posted on 02/21/2013
Oh this is getting fun!
On Jan. 24, WorkCompCentral published a column ostensibly written by a physician attacking me for exposing the dangers, both physical and financial, inherent in physician dispensing of repackaged drugs. I say ostensibly because the column reads like it was ghostwritten by one of the industrys shills, perhaps one of Ron Sachs interns. (Rons the guy physician dispensing company AHCS hired to call reporters to tell them they were suing me.)
By the way, I LOVED the column.
It was an amazing combination of pronouncements from an arrogant-beyond-belief doctor, with a really nasty and personal attack on me, my motives and my ethics.
Alas, it was so poorly done, with so many logical fallacies and nonsensical arguments based on nothing more than fact-free opinion that I cant believe a real doctor actually wrote it. After all, doctors are supposed to believe in science; you know, research, medical evidence, facts, logic supported by data those kind of things. Yet the column didnt have any of those, instead it was a mishmash of unsupported claims based on our experience and never directly addressed the key issues I raised in my piece, e.g., retail pharmacies have much more complete access to patient data, and docs who dispense dont.
(BTW, a Summit on Physician Dispensing will be held in Boston on Feb. 25-26. Sponsored by PMSI and Progressive Solutions, the Summit is free of charge and is held the day before WCRIs annual conference in the same hotel. This is an invite-only event; there are a few slots open. Email me for details.
The ostensible author, one Dr. Rafael Miguel, offered not a single shred of evidence to support his claims of better outcomes and enhanced quality of care. When not denigrating pharmacists, mischaracterizing my statements and accusing me of profiting from defeating physician dispensers (more on that below), Dr. Miguel/the intern hid the total lack of data supporting his claims behind the omnipotence of the god in the white coat, as if his title is proof enough and we non-physicians should meekly listen and obey.
You can tell the physician-dispensing industry is in desperate straits when they use surrogates to question the motives of their opponents, fabricating reasons why anyone would dare interfere with their ability to suck money out of taxpayers and employers by charging outrageous amounts for the drugs they prescribe and dispense to workers comp claimants.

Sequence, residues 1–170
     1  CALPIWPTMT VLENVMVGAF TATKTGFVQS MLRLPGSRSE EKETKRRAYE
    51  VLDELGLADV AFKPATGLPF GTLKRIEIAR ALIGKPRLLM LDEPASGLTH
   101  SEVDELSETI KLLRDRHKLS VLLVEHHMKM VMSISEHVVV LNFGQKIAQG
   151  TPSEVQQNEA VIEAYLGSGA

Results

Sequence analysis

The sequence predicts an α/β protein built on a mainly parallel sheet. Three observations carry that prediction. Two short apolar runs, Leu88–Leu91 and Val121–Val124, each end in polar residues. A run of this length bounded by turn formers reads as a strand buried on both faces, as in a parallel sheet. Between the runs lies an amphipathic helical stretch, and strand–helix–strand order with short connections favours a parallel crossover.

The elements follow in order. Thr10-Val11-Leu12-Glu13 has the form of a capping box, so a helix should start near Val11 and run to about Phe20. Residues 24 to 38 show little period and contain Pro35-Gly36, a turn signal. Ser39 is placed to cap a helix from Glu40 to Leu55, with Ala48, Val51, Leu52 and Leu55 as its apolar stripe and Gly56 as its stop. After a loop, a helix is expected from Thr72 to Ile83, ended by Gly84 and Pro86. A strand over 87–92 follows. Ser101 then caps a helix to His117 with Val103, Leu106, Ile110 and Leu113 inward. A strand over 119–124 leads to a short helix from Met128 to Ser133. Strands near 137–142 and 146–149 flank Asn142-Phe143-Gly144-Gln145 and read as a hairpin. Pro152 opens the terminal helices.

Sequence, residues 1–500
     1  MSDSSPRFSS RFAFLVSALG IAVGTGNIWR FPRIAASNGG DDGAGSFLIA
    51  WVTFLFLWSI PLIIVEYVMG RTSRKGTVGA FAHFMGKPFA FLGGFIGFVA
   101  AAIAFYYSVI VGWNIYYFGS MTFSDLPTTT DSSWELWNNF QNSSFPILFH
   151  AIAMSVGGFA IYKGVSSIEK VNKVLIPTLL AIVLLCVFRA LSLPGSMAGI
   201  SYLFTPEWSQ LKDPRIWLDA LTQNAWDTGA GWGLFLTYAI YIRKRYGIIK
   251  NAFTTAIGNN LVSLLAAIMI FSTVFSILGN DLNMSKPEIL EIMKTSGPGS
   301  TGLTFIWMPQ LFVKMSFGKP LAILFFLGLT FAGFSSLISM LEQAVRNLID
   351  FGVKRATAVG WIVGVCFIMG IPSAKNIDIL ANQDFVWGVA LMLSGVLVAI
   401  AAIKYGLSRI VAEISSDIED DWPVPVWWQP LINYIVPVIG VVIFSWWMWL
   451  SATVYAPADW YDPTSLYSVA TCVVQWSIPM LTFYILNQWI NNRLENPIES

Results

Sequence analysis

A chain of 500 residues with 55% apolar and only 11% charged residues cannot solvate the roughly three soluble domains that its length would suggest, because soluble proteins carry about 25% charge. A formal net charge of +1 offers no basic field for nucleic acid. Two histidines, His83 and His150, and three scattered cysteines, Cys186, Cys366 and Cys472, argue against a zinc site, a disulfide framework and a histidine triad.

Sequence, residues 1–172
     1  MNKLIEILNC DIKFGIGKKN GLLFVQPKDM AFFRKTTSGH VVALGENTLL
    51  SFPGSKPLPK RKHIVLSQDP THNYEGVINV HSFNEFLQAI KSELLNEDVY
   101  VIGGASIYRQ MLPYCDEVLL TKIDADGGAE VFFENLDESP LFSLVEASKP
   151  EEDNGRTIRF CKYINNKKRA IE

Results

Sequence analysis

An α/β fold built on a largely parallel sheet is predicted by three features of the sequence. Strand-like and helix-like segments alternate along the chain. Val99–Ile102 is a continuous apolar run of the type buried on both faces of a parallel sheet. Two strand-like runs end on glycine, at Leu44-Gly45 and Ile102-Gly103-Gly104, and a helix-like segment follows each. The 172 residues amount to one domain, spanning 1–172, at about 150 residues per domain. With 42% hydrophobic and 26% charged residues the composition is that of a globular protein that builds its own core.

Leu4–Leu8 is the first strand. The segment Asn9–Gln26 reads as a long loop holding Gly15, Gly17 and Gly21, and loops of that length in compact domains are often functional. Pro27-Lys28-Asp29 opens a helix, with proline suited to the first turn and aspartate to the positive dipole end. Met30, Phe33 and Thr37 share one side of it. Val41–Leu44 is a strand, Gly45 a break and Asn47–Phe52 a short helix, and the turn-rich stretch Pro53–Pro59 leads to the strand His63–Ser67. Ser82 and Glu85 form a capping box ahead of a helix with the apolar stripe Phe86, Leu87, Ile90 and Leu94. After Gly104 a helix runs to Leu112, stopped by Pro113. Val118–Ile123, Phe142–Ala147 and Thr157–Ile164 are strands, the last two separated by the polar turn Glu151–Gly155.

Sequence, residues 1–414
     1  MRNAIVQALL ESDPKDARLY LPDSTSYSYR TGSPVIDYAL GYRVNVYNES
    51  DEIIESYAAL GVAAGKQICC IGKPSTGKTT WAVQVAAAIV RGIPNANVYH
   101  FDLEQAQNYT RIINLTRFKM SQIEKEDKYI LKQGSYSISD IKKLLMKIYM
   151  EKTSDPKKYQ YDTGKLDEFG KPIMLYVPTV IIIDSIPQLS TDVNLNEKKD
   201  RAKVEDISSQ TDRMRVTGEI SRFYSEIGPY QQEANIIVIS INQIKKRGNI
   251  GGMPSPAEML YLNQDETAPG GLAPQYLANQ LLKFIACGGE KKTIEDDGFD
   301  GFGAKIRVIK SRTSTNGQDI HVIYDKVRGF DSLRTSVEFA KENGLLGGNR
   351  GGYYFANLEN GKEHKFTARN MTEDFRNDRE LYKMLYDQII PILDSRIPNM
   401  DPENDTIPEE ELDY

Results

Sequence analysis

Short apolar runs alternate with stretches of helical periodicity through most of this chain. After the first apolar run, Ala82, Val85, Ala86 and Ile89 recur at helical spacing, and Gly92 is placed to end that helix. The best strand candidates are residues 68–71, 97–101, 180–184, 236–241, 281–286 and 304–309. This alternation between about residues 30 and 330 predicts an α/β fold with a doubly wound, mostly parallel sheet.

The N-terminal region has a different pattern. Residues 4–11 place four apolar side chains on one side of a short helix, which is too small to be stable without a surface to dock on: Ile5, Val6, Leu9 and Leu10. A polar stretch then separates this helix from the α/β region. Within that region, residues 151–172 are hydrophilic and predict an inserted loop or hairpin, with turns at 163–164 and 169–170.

Thats known as diversion; when you cant refute a critic, yell really loud about what a bad person they are.
Well, lets look at Dr. Miguel.
Dr. Miguel is a dispensing physician using Rx Development Associates. A quick check of their website reveals frequent mention of one of the key benefits of physician dispensing; additional revenue for the physician. RxDA also touts how easy it is to sign up and use their system to generate big profits, without interrupting or burdening staff members. Thats in direct conflict with Dr. Miguels assertion that physicians must recover the costs and time to provide this service to workers compensation patients.
Lets look at Dr Miguels scripts. Hes dispensed fluoxetine, etodolac, omeprazole and gabapentin, among other meds. One of those scripts, omeprazole, is commonly used for heartburn. Omeprazole, also known as Prilosec, can be bought over the counter for about a buck a pill; Dr. Miguel charged about $10 pill. Thats not opinion or hyperbole, its fact. Miguel charged about 10 times more for the drug than it would have cost over the counter.
Dr. Miguel/the intern contends docs cant buy drugs for the same price retail pharmacies do, and thats why they have to charge so much more. Again, he offers no evidence of this. In fact, if Dr. Miguel had tried, he could have found repackaging companies clamoring to sell him drugs at very low prices.
Finally, allow me to address Dr. Miguel/the interns questioning of my motives, and contention that my efforts to combat physician dispensing are what can only be described as an attempt to fatten Mr. Padudas personal bottom line.
As I have noted many times, I am co-owner of CompPharma, an association of workers comp pharmacy benefit managers. It makes no difference (financially) to me if physician dispensing dies off, explodes or just stumbles along. I dont get a nickel more or less.
My public battle with the industry and its advocates has cost me tens of thousands of dollars in legal fees not to mention hundreds of uncompensated hours.
Yes, PBMs will benefit if physician dispensing ends, but I am not a PBM, nor do I own a PBM, nor do I get paid based in any way on their volume of business.
What Miguel/the intern cant understand is some people just have principles, standards that they live by, ethics that require them to speak out when they see others doing wrong.
And physician dispensing of repackaged drugs is wrong.
Joe Paduda is owner of Health Strategy Associates and co-owner of CompPharma, a consortium of pharmacy benefit managers. This column was reprinted with his permission from his Managed Care Matters blog.